At SMHS Srinagar, Fayaz was declared brought dead.
Youngest among three brothers and two sisters Fayaz’s friends recall him as pious, down-to-earth and dedicated human being. In July 2018, Fayaz was hit by pellets in his right arm while returning from his sister’s house in Pulwama outskirts. “He had over fifty pellets still in his arm which he didn’t get removed,” said a friend. “He was riding a bike when a policeman targeted him and fired a pellet shot.”
After that day Fayaz used to tell his friends that he feels lucky to survive. “He shot straight at my face but missed,” he had told one of his friends. “I might have died had he not missed.”
But Fayaz had no idea that he will run out of luck a month later, that too twice in a single day.
Once Fayaz’s body was handed over to his family and relatives at SMHS hospital, they started their painful journey back to Chewa-Kalan. But before they could have made it out of Srinagar, a few police vehicles began following the ambulance carrying Fayaz. “They didn’t let us take him home,” said a relative who was with him till his end.
After a cat-and-mosque kind of chase, the ambulance carrying Fayaz was intercepted by policemen and driven straight to Police Control Room (PCR), near Karan Nagar, Srinagar. “At the PCR, cops did some paperwork and permitted us to go home after about twenty minutes,” said the relative.
In the evening when the ambulance slowly made its way into sleepy Chewa-Kalan village, where Fayaz used to roam around with his friends, making plans about his future and life, people couldn’t help to weep over the irony. “He was just a boy full of life and dreams. Why did they kill him,” asked a friend?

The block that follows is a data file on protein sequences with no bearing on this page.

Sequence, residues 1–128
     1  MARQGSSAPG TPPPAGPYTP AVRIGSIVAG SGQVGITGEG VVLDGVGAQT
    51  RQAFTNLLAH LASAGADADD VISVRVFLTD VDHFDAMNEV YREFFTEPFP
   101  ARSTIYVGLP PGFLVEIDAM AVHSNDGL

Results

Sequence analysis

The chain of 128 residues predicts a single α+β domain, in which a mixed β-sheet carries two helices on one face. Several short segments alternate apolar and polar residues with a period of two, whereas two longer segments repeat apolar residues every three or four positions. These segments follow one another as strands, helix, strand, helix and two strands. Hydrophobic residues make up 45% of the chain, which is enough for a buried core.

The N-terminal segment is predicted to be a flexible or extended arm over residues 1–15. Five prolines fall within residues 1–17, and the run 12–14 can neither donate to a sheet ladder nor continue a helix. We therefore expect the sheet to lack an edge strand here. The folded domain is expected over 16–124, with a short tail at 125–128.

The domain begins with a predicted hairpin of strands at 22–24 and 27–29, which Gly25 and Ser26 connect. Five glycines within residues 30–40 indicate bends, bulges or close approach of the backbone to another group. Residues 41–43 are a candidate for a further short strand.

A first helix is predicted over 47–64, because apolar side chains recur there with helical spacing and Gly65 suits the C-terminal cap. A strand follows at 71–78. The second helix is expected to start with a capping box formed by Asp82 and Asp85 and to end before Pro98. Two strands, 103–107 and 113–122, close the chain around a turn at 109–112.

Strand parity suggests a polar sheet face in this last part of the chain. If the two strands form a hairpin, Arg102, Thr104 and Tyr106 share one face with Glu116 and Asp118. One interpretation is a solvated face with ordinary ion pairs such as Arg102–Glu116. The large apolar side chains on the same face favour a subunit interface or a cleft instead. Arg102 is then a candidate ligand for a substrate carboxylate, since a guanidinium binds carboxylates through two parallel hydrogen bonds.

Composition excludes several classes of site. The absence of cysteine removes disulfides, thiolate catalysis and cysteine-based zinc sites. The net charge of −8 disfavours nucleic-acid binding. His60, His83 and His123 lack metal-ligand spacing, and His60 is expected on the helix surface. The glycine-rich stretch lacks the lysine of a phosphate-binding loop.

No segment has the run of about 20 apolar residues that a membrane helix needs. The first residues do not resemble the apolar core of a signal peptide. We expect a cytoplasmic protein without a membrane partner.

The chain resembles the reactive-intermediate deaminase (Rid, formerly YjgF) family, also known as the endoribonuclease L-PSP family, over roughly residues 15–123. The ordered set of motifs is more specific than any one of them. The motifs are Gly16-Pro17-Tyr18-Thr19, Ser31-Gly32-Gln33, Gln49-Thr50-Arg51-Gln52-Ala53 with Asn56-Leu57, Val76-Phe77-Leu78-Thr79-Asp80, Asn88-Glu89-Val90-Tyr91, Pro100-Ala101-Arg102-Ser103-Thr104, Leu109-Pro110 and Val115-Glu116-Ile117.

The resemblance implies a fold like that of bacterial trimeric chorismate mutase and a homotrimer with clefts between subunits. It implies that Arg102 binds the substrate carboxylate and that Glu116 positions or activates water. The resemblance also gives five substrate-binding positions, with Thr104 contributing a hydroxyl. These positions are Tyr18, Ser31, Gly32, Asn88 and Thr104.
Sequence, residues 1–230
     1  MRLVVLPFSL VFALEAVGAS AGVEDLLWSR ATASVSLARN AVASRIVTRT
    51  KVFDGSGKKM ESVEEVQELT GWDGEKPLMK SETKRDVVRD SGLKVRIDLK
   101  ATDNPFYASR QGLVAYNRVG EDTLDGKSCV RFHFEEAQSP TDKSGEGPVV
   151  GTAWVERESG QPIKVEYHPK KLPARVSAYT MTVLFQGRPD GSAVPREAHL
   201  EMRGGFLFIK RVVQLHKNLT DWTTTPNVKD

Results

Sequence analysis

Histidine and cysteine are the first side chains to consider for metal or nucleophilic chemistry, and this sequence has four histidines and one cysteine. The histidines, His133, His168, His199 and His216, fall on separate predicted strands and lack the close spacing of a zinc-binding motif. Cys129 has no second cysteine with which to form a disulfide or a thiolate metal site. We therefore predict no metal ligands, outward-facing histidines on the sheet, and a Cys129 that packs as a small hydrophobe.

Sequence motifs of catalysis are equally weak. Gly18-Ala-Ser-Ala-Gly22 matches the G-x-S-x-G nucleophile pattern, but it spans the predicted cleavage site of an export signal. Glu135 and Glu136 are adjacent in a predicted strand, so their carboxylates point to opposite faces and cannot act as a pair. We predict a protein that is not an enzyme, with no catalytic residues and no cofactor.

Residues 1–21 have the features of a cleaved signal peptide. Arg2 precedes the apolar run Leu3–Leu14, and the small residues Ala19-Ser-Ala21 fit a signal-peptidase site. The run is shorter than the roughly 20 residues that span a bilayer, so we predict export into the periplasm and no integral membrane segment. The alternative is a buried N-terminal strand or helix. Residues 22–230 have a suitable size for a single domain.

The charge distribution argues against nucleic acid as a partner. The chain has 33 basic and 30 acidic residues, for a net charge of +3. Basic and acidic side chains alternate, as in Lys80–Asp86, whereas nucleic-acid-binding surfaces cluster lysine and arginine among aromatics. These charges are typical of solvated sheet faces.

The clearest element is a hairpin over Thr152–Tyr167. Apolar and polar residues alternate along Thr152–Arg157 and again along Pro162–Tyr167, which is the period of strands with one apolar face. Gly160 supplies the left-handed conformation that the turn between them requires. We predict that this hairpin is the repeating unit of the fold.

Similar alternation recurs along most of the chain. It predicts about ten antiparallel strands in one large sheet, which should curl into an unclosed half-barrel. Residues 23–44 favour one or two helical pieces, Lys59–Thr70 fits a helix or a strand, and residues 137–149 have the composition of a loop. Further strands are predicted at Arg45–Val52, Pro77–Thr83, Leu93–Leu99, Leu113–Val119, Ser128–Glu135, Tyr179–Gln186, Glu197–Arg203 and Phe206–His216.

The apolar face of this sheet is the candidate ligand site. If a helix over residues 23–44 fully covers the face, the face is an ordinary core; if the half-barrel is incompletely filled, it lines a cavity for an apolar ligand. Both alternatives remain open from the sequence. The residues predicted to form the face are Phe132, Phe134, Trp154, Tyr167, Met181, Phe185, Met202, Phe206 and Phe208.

Was slain Fayaz part of stone pelting? Police in Srinagar said yes he was. Reports said the main stone pelting took place in Muran, almost four km away from the spot where Fayaz was hit by bullets. One police source in Srinagar said there was stone pelting on the forces when they were leaving the village.
But why was he hit by a bullet when pellets are also in vogue? “That is a matter of investigation,” SSP Pulwama Chandan Kohli said on phone. He said there were clashes and stone pelting too. Asked if the police have any record about Fayaz’s involvement in stone pelting, the SSP said: “We were busy in the law and order situation and have not actually checked it.”
For the first time, the police in Srinagar has not issued the routine statement that usually offers the police version of the developments during the day.
Besides, there has not been any statement about why the major operation was launched and what the net outcome was when it concluded with one young man being killed.
PDP Man Survives
As the town was closed in protest, another incident was unfolding in the main town. A PDP activist Mehrajuddin Parra, a resident of Naira, had gone to watch a match in the local stadium. The match was over and he was moving out when a suspected militant fired a bullet on him, taking aim of his head. He sensed trouble and jumped to safety. Though a second bullet was fired, he somehow managed to escape. Reports said Parra took some route out of the exit and reached the police. After he had his injuries – received during the escape, he fled to Srinagar.
Mehrajuddin is Waheed Parra’s cousin. Waheed earlier survived a similar attack in a Budgam village.
Postscript, reports received at the timing of filing this copy suggest Muran has been taken into a tight cordon again, no details were immediately available.